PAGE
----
Pioneer motor cyclists had to cope with rocky roads, persistent policemen, dangerous dogs, public prejudice and, everywhere they went, perilous pedestrians…
ACCORDING TO A work on ‘Freaks of Nature’ the pedestrian of primeval days ambled around upon all fours. This statement may be true. It probably is not, but I believe it all the same. Nay, more; I would go so far as to believe almost anything of pedestrians. You may have noticed that the pedestrian of today has so far improved upon the habits of his ancestors as to walk upon his hind legs only. This is so that he may keep a sharper look-out for your motor cycle, and when you approach, spring into your path in several directions at once and finally, if his luck is in, reach a friendly lamp post, brushing a smudge of mud from the tail of his frock coat and hurling hieroglyphics at you. Meanwhile you are convulsed with joy because, being solicitous for his safety, you applied your brakes so suddenly that your back tyre has burst–just at the valve, too. Tut! tut!
How fashions change
Spillby, a friend of mine, is death on pedestrians. He rides a motor tricycle, at least he used to, but fashions change so rapidly that by the time he comes out of hospital ‘trikes’ may be quite out of date.
I am not in favour of spending money upon legislation for the total abolition of pedestrians, because if motor cars churn up as many as the halfpenny press reports to be the case, why it can only be a matter of weeks before they are nearly out of stock. No, I advise patience and moderation.
If measures were taken obliging pedestrian to give audible warning of their intention to acrobatically perform in the roadway, to carry a number plate by day, a red light in the rear after sunset, and to stand still when called upon by any person in charge of a restive motor cycle, our troubles would be alleviated considerably. Or better still, our legislators might restrict the perambulating pedestrian entirely to the woods and fields, and cause them in their own interests to be ‘hobbled’ by both ankles to two 56lb weights. This would tend to keep them out of harm’s way, and would have the advantage that if persons were required in the interests of science, say as obstacles in car driving competitions, or brake tests, or as ballast in trailer experiments, one could just apply to the Auto Club for a permit and cut loose a few pedestrians to choice.
A new tyre material
Further, bearing in mind the famine in rubber which is inevitably going to arrive soon if everyone’s tyres wear out as mine do, it was suggested to me by a particularly brutal person that under the hygienic and rural conditions above-mentioned, and given a suitable diet, the skin or hide of pedestrians would be found to form an idea material for making tyre covers.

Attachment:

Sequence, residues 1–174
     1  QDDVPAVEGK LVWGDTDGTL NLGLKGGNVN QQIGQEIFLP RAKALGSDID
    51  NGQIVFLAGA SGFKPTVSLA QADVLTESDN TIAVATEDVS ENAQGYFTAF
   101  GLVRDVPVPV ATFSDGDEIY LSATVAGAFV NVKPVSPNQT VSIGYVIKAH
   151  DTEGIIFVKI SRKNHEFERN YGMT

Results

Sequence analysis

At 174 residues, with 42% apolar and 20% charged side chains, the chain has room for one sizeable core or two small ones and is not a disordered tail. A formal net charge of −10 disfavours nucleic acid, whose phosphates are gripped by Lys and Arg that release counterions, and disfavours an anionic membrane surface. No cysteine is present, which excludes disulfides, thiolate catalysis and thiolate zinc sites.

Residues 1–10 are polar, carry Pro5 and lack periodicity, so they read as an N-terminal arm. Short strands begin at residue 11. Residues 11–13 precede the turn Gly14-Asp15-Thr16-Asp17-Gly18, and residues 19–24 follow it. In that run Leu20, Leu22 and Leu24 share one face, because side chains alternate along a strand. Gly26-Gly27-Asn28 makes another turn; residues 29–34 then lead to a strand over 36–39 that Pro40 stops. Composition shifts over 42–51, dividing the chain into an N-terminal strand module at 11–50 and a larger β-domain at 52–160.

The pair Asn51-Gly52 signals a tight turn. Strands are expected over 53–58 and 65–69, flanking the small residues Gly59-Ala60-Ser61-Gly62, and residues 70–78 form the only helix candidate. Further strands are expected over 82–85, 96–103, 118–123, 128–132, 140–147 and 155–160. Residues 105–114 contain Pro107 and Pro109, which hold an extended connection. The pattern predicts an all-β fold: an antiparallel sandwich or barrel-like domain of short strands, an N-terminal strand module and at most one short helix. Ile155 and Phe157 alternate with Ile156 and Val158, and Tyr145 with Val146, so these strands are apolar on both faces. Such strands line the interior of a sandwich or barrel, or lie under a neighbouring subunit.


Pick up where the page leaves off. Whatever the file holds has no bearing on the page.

Now, without taking this seriously, I must admit I have run across–both literally and figuratively–pedestrians, possessing to a remarkable degree the two chief characteristics of rubber, namely toughness and resilience.
An instance of this last week. He was round a bend in the road taking a photographic view. His head was under the black cloak, so I do not think he heard my approach. But I was interested to observe that, although the top of my engine was intensely hot, he sat upon it pensively for quite an appreciable time without any apparent inconvenience, which indicated toughness. In fact, it was only after I had regained full consciousness and clambered out of the ditch to reclaim my motor cycle that it seemed to suddenly occur to him that he was being branded for life.
A question of resilience
Then, indeed, he did indulge in a kind of fandango or hornpipe, but this might have been mere resilience. He was not sufficiently resilient, however, to bounce the price of a new pair of trousers out of me. No, my engine is no camp stool! Why did he not sit on his camera instead of using it for a sun bonnet?
Pedestrians are really very trying! Look out for little Reggie who is waiting round the corner to lasso your legs with his hoop, which he will bowl straight at you. If he is in form–and he always is–the best way is to get a bystander to take a file from your toolbag and cut the hoop through in four places. This is a quicker way of getting disentangled than undressing yourself or taking the machine to pieces.
Do not hanker after the acquaintance of the man walking ahead reading the ‘four-o’clock winner’ because he has just discovered that his ‘fancy’ finished last. He weighs 18 stone, and if you smite him in the spine he will chastise you with his boots, and you will require to hire a light van to convey to the nearest railway station the demoralised incoherent Japanese puzzle which is at present your beautiful snorting steed.
The man with a silk hat
When a sudden shower comes on you will find the gentleman in the tall silk hat who rushes across the road for shelter, understands his business as a pedestrian thoroughly, and charges your tank broadside on with the steel stick of his lowered open umbrella, and your petrol anoints the earth forthwith. He makes no apology. Why should he? He has fractured a rib against your handle-bar and the fact that you have dismounted upon the back of your neck and bitten an inch off your toungue is to him the merest detail, especially as it will cost him twopence for the loan of a step ladder to descend from the top of the shop sun blind where he has taken refuge–more resilience.
M’yes, the average pedestrian, like most ancient institutions, requires revising and bringing up to date. But, fellow motor cyclists, pray take him in hand gently or you may be misunderstood, as I have been ere this.